àBecause we’ve been trying to restrict kitchen time lately, we’ve been eating a lot of baked potatoes. They’re easy, nutritious, and – depending on what you put on them – can be fairly low in calories. I confess, I usually don’t worry about that last dictum and load them up with cheese, sour cream, butter, bacon, scallions, mushrooms, and whatever else I can find. But that has gotten boring. I had some chicken in the refrigerator that needed to be used and so I thought about coming up with a baked potato topping that would get me away from the blahs while still avoiding extended kitchen time.. Creamed chicken on toast or waffles is always a winner, so why not creamed chicken on baked potatoes. It turned out to be very easy and pretty tasty.
Russet baking potatoes
Baked Potato à la King
- 4 chicken thighs
- 4 cups chicken stock
- ½ teaspoon poultry seasoning, or to taste
- 4 tablespoons unsalted butter
- 4 tablespoons flour
- 1 rib celery, diced
- 3 scallions, including green tops, sliced
- 3 medium button mushrooms, sliced
- 3 snacking peppers, seeded and sliced
- salt and pepper to taste
- 2 medium russet potatoes
- butter or vegetable shortening
- Parmesan cheese, freshly grated
- In a three-quart sauce pan, place the chicken thighs in the chicken stock and bring to the boil. Reduce to a slow boil and cook for 30-40 minutes. Remove the chicken to a plate and cool. Remove the meat and discard the skin and bones. Cut or shred into bite-sized pieces and set aside.
- Strain the stock and cool. Clean and dry the sauce pan and return to medium heat. Add the flour and butter, stirring until a smooth roux is formed and is bubbling. Cook a few minutes to remove the raw flour taste, but do not allow the roux to color. Stir in the strained chicken stock and return to the boil. Allow to boil gently to reduce the mixture by about half.
- Add the celery, scallions, mushrooms, and snacking peppers. Simmer for 10 minutes. Adjust seasoning with salt and pepper.
- Meanwhile, scrub the potatoes, rub them generously with butter or vegetable shortening, and pierce in several places with a kitchen fork. Bake for 1½ hours in a small baking dish in the middle of an oven preheated to 350°F (You can use whatever temperature/time combination you prefer, but I believe that a lower temperature and longer cooking time yield a fluffier potato).
- When the potatoes are cooked through, remove from the oven and transfer the potatoes to soup bowls. Open the potatoes, add additional butter, salt, and pepper if you prefer. Ladle some of the chicken mixture over the potatoes, top with grated Parmesan cheese, and serve immediately
The fresh produce season is beginning to wind down. You can feel it in the cooler mornings around here. That means the chile roasters shift into high gear, and corn season reaches its peak. There are lots of local farmers who grow excellent sweet corn, but arguably the best comes from a little town on Colorado’s Western Slope, Olathe. The town even have a noted Sweet Corn Festival in August.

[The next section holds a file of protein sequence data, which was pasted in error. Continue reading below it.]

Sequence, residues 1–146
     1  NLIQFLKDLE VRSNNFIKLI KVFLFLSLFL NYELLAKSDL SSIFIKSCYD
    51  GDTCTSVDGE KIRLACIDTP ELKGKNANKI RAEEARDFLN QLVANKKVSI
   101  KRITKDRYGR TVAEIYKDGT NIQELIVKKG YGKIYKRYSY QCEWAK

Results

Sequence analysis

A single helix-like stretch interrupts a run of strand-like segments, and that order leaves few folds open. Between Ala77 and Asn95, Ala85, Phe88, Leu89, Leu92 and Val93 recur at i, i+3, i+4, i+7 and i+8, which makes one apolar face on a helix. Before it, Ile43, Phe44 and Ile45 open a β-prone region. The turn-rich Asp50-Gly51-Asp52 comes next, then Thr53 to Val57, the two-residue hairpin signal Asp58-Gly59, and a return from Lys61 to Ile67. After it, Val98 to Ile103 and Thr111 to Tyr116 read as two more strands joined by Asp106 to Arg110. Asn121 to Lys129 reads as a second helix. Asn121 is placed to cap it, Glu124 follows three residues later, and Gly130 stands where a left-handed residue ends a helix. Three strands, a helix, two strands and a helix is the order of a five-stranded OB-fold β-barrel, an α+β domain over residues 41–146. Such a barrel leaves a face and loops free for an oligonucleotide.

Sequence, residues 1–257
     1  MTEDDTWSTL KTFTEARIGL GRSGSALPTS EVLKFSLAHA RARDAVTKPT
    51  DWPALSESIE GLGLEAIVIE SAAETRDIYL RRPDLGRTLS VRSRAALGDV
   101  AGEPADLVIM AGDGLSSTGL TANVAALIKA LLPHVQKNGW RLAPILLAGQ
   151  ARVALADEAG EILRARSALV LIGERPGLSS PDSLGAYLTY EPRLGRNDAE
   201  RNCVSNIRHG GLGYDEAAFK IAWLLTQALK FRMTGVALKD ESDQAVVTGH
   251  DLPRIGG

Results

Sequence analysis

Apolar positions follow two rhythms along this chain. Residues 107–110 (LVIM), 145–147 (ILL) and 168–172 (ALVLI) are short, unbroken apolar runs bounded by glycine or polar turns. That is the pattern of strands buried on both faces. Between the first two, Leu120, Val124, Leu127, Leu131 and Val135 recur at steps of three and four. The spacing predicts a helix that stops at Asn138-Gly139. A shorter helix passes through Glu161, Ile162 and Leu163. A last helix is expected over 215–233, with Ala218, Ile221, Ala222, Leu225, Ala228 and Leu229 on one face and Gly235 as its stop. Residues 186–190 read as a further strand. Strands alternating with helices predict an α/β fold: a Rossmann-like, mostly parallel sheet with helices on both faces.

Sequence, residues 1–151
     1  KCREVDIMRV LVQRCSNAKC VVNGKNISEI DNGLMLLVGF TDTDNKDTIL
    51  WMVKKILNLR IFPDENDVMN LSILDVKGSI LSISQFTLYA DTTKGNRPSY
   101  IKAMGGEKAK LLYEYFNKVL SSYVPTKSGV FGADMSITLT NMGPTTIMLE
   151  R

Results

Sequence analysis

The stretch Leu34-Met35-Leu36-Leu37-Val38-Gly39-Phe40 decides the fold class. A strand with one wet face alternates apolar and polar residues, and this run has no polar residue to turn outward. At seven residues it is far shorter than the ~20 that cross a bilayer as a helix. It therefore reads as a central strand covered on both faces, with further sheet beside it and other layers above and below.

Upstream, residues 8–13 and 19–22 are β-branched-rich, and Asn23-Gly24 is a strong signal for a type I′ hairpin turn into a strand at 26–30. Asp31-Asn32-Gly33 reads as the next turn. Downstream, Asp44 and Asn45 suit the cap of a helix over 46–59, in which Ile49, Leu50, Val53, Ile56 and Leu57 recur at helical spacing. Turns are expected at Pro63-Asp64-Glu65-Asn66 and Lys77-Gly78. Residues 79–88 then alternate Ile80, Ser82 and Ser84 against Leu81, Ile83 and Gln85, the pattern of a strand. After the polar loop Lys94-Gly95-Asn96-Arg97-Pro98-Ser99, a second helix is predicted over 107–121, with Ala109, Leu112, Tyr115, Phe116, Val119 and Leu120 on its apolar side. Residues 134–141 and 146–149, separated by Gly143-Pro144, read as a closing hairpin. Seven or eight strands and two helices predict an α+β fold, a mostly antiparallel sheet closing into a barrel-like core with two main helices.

My wife was gone for a few days to tend to some family matters in Texas. To celebrate her return, I thought a good meal would be pleasant in the now-beautiful evening. Even without prompting she declared in one of our phone calls that she did not want to go out to a restaurant. She can read my mind.
The pressure was on to come up with something tasty. Steak is always the obvious choice, but I’ve fixed that so many times when she returns from a trip that I knew she would be expecting it. A pork chop makes a good substitute. That made me think of the abundance of fresh corn available right now. Then I got a cue from the New York Times. Melissa Clark had an article about elote: roasted ears of corn dusted with ground chiles along with lime juice and crema. Around here and along the border, elotes are popular street foods sold out of food carts and even little hand-pulled wagons. Delicious, but not very elegant. Esquites are nearly the same thing except the kernels of corn have been cut off the cob. That sounded great with grilled pork.
For a green vegetable, slaw made with raw Brussels sprouts instead of cabbage completed the menu.
Thumb-size microplane, perfect for garlic
Cooking the ingredients for esquites
Granny Smith apples
Brussels sprouts slaw
Grilled pork chop on bed of esquites with Brussels sprout slaw
Esquites (Corn Salad)
- 2 ears fresh sweet corn, shucked and silk removed
- 2 tablespoons butter
- 2 tablespoons Mexican crema or sour cream
- 2 cloves garlic, minced with microplane
- 5 scallions, chopped
- 1 bell pepper or several snacking peppers, seeded and diced
- ½ cup chopped cilantro leaves
- 4 ounces Mexican cojita cheese, crumbled (If you can’t find cojita, you can substitute feta)
- salt and pepper
- ground chiles, your choice of heat
- 1 lime, cut in 8 wedges
- Roast the whole ears of corn until individual kernels are browned. I used my chile roaster, but you can use a dry frying pan over high heat, turning the corn frequently. You can also use your barbecue grill if you have it fired up. Remove the roasted corn from the heat, cool, and cut the kernels off the cobs using a sharp knife. Set aside the corn kernels if you plan to make the esquites later.
- Melt the butter over medium heat in a medium frying pan. Stir in the corn kernels and cook for a few minutes, stirring frequently. Stir in the sour cream, scallions, pepper, and cilantro. Cook for about 5 minutes until the peppers are softened.
- Stir in the crumbled cojita and stir gently until the cheese is well combined. Correct seasoning with salt and pepper. Sprinkle with ground chile. Serve immediately with lime wedges.
Brussels Sprout Slaw
- 8-10 Brussels sprouts
- 1 rib celery, diced
- 4 scallions including greens, thinly sliced